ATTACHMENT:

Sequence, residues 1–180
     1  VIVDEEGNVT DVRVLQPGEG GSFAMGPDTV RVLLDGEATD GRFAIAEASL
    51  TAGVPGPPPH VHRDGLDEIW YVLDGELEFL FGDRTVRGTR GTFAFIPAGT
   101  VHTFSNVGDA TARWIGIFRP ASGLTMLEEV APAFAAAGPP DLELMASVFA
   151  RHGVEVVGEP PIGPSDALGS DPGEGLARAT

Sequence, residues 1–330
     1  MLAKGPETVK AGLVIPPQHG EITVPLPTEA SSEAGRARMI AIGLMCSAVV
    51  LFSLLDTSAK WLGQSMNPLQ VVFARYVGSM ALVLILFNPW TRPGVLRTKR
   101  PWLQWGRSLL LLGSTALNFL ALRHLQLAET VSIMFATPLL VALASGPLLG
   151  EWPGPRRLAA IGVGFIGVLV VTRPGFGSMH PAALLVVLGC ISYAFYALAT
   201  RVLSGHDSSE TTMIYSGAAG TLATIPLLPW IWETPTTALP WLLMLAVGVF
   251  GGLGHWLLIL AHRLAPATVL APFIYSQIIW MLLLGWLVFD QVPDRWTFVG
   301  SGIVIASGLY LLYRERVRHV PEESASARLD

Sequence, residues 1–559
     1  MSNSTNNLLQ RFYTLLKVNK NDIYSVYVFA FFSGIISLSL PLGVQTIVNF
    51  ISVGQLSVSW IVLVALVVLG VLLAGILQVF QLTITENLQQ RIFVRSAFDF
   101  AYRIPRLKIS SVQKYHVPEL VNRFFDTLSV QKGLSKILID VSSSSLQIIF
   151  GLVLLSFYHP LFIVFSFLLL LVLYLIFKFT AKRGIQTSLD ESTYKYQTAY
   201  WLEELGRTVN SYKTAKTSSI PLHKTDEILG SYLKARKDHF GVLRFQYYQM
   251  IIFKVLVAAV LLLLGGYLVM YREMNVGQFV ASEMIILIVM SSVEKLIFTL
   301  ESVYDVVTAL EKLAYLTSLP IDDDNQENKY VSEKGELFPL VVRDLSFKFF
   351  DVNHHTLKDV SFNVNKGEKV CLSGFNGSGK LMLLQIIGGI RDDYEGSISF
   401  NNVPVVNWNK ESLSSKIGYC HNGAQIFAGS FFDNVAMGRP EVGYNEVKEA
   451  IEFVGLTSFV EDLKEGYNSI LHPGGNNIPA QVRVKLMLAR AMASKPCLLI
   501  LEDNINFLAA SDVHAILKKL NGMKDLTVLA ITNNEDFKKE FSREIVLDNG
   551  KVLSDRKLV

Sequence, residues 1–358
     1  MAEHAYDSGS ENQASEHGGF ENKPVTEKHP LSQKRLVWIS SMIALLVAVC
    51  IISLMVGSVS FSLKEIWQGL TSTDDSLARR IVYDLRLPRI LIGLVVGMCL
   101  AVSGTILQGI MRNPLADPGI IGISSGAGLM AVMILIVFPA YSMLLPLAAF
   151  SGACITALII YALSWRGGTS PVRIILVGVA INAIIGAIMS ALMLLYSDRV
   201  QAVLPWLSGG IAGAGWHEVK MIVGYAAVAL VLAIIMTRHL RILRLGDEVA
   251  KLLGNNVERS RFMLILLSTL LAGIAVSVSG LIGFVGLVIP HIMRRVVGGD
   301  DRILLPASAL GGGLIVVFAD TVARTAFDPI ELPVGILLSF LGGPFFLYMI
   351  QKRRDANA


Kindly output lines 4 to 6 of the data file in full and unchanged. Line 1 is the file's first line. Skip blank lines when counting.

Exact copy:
   101  VHTFSNVGDA TARWIGIFRP ASGLTMLEEV APAFAAAGPP DLELMASVFA
   151  RHGVEVVGEP PIGPSDALGS DPGEGLARAT

Sequence, residues 1–330